What on earth are we here for? Not as individual people, but as the church. This question arose anew as the Session studied J. Clif Christopher’s book Not Your Parents’ Offering Plate, which offers insight about the numbers that reflect our church life: membership, attendance, and money. The primary driver of giving, according to Christopher, is belief in the articulated vision of an organization – this applies for churches, civic clubs, and other nonprofit organizations. To put the question simply, what do we do here that changes lives for the better?

We tried to dig into that question beyond our first answers to see what really sustains and motivates our life as the church. Our first answer was that it’s profoundly important for us to belong here together; being part of this community helps shape our identity and reminds us that when life gets challenging, someone else has their eye on us. Digging deeper, we considered that we encounter the fundamental goodness of God in the ways we care for one another. One of us put the word “discovering” on that encounter. That struck me as a pretty profound mission statement: we discover God together.

The inclusion of “God” in that statement may seem obvious, but it bears saying. Plenty of organizations in our greater community do good work; many people work hard to make the world a better place; but the church is uniquely invited to seek the ultimate realities and purposes of our life. We do this through our rich collection of scriptures, our deep theological tradition, and our own habits of reflecting together. We live in and for this world, but our life is ultimately directed toward something more and greater than this. We put our faith in something that is beyond our knowing and greater than our deepest hopes.

Even beyond our very real need for belonging and connection, we understand that we encounter God more carefully, graciously, and authentically when we are together. Many of us (myself included) retreat into solitude for particular and profound experiences of God, but we don’t imagine that our individual experiences show us the fullness of ultimate reality. We let each other’s questions, ideas, needs, and gifts illuminate the divine Mystery, and we’re all richer for it.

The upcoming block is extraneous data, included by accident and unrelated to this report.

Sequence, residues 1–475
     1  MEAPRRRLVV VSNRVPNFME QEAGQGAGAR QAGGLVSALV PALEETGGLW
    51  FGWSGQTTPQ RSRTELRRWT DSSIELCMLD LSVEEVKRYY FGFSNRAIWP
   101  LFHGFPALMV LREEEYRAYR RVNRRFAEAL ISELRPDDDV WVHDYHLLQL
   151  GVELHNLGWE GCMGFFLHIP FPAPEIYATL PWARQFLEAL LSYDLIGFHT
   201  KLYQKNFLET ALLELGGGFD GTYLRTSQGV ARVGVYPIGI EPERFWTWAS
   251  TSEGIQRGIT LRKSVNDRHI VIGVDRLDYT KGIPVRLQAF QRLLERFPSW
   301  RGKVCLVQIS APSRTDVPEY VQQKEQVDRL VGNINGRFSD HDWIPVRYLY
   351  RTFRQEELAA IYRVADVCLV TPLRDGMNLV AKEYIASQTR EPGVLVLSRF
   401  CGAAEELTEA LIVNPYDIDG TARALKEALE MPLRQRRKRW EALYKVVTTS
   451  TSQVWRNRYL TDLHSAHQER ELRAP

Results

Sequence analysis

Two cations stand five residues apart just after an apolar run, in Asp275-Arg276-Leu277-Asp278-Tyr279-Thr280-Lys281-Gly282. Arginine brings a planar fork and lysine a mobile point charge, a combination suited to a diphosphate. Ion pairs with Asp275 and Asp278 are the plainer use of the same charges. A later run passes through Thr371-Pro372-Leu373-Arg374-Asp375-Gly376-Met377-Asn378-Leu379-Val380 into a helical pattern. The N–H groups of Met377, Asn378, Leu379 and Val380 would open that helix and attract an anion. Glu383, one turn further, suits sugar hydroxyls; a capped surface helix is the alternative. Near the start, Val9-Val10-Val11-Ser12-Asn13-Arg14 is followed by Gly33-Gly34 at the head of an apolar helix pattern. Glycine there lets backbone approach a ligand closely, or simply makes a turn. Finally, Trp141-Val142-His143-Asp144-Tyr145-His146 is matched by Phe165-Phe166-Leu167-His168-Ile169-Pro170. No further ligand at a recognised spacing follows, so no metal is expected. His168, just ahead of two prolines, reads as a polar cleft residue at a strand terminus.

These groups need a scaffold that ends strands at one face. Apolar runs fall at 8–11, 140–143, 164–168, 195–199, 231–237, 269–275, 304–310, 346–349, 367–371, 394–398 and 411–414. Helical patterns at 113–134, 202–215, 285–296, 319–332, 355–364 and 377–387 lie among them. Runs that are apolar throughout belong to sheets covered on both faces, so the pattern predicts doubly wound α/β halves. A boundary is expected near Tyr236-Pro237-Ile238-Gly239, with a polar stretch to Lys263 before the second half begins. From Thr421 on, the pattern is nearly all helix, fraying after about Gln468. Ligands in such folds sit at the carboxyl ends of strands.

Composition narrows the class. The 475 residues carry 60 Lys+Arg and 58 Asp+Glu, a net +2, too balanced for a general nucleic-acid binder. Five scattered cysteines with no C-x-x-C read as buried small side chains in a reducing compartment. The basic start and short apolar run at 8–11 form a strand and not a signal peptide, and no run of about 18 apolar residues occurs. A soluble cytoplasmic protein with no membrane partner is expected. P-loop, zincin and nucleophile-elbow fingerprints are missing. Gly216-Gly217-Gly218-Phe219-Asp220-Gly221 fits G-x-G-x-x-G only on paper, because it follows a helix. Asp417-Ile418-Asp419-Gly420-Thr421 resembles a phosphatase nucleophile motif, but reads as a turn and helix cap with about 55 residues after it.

The word “discovering” captures our particular way of seeking God together especially well. We don’t fence God in with particular ideas that must be used to name the unnameable. Instead, we trust that each of our pictures of God adds something to the depth and richness of our collective understanding. We are on a journey together into an unknown depth of love and grace, and we learn together just what that can mean.

Part of what this journey reveals is that life is about more than just us. In our life together, we haven’t truly discovered God until we’re sent back out to serve, share, and contribute to the healing of the world. The people we serve can sit in the next pew or live halfway around the world, but our sharing is an essential product of our encounter with God. If the life of this church were only about us, it would be too small for the true Life that calls us together. For some of us, it’s in hands-on service that we finally start to see God. For others, service is a fruit that grows in the rich soil of focused rest in God’s presence. For all of us, service is an essential part of participating in God’s life.

We discover God together and serve the world in Christ’s name. Ultimately, it’s as simple as that. Ideally, everything we do together can be boiled down to that core mission. As we look around at the institutional and physical structures of our church, we can use this mission to test what truly “works” and what we might change or dispense with. What helps us discover God together, then turn outward in service? That’s what merits our time and attention. So may we live, with joy and hope.

In Christ’s peace,

Nathan

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